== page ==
- A.19 The Law Commission’s conclusion is that there is no impediment to trustees taking account of environmental, social or governance factors where they are, or may be, financially material.
- A.22 the duty may be put in the following terms. When investing in equities over the long-term, trustees should consider, in discussion with their advisers and investment managers, how to assess risks. This includes risks to a company’s long-term sustainability.’
A non-financial factor is one motivated by other concerns, such as improving the quality of life of the beneficiaries or showing disapproval of certain industries. The Law Commission provides a neat example of the distinction between financial and non-financial factors.
‘Withdrawing from tobacco because the risk of litigation makes it a bad long-term investment is based on a financial factor. Withdrawing from tobacco because it is wrong to be associated with a product which kills people is based on a non-financial factor.’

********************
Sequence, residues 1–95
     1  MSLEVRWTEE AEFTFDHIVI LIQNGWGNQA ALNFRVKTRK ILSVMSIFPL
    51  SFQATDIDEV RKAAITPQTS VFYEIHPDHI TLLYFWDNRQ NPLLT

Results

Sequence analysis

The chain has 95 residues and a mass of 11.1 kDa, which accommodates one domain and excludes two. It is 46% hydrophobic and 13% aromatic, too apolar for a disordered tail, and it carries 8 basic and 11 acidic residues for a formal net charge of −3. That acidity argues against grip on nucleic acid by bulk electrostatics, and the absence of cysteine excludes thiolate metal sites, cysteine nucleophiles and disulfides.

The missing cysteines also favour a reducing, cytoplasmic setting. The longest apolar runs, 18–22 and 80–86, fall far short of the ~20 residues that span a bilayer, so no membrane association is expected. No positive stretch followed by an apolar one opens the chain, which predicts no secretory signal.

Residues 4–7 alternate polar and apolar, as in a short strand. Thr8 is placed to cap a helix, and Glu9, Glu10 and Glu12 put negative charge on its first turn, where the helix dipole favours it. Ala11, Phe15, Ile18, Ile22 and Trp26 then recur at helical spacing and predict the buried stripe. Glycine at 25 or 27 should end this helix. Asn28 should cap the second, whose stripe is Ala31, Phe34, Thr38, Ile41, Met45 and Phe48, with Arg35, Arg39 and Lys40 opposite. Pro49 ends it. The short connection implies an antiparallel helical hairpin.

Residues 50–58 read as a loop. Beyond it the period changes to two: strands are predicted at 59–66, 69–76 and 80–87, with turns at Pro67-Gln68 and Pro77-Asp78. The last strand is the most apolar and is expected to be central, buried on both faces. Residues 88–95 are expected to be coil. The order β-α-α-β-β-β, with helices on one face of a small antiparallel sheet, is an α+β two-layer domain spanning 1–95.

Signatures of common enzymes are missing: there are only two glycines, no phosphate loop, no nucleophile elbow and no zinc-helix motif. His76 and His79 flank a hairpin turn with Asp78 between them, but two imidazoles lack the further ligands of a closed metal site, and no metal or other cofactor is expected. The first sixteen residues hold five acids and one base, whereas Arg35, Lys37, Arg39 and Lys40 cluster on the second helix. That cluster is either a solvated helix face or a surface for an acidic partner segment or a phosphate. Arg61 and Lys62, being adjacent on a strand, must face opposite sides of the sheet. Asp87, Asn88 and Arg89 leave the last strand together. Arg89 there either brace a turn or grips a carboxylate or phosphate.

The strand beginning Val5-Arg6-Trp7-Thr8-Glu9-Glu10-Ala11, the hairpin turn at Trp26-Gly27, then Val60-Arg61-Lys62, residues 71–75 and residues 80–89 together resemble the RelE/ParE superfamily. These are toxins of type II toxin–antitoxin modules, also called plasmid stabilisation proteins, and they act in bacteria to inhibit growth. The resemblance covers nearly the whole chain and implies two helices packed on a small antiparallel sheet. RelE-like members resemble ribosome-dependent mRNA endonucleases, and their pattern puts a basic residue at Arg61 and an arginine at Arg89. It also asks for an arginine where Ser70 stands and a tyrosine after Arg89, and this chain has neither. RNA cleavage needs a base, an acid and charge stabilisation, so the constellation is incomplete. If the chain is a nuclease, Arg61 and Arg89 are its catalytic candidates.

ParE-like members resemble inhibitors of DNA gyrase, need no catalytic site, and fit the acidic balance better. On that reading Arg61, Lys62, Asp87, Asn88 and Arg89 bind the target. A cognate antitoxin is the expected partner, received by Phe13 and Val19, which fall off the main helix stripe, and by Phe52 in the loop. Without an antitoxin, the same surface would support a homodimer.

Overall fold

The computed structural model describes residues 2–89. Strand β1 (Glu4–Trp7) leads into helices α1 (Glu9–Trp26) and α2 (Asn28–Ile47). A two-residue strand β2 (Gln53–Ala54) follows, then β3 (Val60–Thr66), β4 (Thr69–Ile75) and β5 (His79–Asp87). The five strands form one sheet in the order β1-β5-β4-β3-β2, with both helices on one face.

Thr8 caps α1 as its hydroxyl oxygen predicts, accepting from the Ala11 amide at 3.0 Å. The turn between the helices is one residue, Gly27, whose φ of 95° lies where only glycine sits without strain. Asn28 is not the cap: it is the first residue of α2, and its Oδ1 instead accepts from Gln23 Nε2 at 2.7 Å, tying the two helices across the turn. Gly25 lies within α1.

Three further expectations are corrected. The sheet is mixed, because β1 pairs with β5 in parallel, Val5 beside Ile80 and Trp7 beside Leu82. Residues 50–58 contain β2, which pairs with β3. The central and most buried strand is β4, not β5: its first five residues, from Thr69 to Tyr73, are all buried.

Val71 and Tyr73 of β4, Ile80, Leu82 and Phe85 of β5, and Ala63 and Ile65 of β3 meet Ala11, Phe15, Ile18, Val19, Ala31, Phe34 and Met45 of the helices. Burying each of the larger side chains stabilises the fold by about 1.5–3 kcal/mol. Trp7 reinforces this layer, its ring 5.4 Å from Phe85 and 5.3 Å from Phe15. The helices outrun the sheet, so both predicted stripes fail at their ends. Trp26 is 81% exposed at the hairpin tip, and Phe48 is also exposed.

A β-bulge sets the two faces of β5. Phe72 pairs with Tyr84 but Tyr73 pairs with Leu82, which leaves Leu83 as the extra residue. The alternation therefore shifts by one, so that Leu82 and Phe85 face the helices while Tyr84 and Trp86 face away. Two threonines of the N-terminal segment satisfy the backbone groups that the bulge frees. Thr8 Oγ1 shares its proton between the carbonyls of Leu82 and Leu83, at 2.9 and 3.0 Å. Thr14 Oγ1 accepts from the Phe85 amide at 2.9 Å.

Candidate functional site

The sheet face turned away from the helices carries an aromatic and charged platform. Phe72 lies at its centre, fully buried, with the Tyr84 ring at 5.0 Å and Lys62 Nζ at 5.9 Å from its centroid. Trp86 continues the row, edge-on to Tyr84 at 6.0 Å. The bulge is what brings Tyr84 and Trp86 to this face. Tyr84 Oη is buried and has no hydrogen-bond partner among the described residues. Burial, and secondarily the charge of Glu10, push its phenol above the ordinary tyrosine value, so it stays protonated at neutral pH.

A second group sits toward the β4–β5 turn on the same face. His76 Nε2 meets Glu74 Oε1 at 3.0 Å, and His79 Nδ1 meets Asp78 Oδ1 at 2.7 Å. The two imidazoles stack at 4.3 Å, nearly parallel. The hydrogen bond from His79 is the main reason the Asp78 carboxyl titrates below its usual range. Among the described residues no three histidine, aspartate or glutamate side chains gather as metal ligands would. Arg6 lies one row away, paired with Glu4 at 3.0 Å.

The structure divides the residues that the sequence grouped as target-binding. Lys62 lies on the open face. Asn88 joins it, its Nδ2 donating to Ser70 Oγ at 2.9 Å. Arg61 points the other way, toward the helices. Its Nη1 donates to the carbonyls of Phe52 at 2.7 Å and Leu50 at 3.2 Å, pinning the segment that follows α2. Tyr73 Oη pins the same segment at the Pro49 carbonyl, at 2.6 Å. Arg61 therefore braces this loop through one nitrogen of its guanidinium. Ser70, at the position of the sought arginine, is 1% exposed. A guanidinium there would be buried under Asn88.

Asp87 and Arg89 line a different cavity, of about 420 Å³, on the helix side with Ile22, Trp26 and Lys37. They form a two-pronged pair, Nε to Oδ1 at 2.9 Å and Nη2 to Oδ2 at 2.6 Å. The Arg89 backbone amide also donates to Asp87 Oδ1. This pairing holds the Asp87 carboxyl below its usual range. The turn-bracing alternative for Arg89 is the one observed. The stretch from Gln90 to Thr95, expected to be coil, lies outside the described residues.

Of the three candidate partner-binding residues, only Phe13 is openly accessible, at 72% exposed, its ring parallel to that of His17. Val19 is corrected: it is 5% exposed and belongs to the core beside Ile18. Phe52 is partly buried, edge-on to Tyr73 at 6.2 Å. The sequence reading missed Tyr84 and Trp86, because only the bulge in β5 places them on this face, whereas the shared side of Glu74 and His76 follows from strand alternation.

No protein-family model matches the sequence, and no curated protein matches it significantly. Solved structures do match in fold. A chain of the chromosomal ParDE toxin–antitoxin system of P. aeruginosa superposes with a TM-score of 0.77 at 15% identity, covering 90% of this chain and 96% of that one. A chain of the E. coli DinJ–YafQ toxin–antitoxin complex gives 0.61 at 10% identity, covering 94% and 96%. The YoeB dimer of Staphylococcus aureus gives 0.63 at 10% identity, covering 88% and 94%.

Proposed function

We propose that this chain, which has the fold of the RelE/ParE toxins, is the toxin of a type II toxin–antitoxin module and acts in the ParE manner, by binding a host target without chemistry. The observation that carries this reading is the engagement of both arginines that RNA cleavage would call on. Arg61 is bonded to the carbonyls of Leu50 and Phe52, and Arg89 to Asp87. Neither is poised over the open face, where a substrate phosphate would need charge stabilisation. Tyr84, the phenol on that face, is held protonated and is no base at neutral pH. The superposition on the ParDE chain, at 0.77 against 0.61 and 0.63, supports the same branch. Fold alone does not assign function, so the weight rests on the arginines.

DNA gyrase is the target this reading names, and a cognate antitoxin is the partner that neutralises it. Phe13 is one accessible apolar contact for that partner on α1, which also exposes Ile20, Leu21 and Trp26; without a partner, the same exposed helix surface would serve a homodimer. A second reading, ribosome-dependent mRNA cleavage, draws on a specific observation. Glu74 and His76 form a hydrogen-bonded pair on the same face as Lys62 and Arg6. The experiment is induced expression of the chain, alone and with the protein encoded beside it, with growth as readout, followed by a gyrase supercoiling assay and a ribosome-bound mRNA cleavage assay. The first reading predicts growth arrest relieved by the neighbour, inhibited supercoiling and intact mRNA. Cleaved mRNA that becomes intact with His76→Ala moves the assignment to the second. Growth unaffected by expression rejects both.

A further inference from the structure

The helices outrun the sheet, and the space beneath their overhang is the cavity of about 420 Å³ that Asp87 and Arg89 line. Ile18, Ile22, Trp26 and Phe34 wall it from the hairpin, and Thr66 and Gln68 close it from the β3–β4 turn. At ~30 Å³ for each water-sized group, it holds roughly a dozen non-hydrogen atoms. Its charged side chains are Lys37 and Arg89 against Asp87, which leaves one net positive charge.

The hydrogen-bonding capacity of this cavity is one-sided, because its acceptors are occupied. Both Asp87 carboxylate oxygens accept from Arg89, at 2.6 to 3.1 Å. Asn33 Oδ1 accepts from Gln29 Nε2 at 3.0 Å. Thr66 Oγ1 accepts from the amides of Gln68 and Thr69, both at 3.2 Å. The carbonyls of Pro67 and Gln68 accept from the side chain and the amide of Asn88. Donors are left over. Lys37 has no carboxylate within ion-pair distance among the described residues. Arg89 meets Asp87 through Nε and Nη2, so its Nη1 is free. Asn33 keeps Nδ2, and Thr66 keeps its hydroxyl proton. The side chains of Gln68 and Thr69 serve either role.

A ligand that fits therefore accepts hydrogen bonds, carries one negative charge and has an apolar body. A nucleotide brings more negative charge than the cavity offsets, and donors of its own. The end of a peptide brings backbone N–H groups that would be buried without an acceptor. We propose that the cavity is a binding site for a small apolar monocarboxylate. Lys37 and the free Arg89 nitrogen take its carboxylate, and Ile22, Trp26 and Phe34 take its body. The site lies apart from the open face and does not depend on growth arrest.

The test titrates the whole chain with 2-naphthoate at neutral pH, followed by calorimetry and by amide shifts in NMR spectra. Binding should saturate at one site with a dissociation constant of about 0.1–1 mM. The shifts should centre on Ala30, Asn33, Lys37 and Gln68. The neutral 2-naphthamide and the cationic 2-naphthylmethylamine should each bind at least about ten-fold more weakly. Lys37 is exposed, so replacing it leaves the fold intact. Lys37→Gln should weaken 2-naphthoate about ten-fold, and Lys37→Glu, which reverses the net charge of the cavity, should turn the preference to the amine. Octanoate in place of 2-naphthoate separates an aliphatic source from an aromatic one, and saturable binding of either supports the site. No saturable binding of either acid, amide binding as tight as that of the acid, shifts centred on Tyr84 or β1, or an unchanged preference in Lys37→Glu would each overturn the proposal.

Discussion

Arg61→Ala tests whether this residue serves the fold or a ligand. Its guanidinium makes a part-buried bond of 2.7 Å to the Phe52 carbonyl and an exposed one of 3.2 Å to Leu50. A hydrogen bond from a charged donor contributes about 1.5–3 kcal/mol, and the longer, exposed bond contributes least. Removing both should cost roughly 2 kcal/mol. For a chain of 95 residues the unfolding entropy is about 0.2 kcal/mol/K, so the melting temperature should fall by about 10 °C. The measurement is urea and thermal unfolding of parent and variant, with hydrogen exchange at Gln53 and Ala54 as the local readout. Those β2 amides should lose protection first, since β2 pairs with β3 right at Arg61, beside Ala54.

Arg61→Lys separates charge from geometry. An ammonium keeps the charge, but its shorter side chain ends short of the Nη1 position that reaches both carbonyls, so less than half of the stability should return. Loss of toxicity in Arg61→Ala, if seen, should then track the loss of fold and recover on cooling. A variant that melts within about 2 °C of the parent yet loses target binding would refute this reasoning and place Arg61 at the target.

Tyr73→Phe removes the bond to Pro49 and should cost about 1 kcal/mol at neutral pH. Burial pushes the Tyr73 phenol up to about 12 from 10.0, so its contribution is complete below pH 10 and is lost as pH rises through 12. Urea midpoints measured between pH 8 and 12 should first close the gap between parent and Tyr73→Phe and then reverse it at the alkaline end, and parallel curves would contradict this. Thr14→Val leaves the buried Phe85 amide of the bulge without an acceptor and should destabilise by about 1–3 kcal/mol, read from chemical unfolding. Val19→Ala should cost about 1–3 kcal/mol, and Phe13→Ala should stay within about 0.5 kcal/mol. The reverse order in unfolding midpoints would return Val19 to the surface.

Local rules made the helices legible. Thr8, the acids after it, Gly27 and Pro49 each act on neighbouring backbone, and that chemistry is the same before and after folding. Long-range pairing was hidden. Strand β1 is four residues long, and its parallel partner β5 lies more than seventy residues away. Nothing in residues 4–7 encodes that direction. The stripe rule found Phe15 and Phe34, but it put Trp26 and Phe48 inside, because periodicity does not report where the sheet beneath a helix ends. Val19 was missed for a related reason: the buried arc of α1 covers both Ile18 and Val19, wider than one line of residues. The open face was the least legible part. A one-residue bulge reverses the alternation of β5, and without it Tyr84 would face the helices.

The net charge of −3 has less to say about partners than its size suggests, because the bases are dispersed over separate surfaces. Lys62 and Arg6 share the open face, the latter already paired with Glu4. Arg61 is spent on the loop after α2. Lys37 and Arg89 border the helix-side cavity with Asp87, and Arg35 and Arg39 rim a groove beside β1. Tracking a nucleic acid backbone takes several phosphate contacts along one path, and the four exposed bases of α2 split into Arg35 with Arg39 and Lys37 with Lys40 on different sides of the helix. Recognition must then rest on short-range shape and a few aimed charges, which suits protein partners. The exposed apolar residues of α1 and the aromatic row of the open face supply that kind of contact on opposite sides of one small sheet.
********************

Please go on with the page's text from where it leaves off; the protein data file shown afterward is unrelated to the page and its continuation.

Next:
In the pension’s context, trustees may only take non-financial factors into account if:
- they have good reason to believe the members [beneficiaries] would share the concern; and
- the decision should not involve a risk of significant financial detriment to the fund.
So, whilst trustees must still focus on financial returns v risks in determining their investment strategy, there is increasing recognition that ESG factors are relevant to the future success, or failure, of a company. A company that uses vast amounts of energy will be exposed to rising energy costs and a company whose processes pollute the environment will be affected by potentially expensive changes to regulation and tax, potential environmental liabilities and reputational damage. A company that looks after its workforce may have higher productivity and enhanced brand value and reputation. A well-run company with transparent oversight and disclosure and proportionate executive pay is likely to be more successful and have a more stable share price.
One might expect companies that take ESG seriously to outperform their non-ESG rivals and there is an increasing body of evidence that, in the longer term, this is indeed the case.
The take home message for trustees is that their fiduciary duty to their beneficiaries, so far as investment is concerned, is still to maximise the financial benefit to them, taking account of risk. However, it is becoming increasingly clear that ESG considerations feed directly into investment performance and trustees can, and possibly should, scrutinise a company’s ESG credentials before investing in it.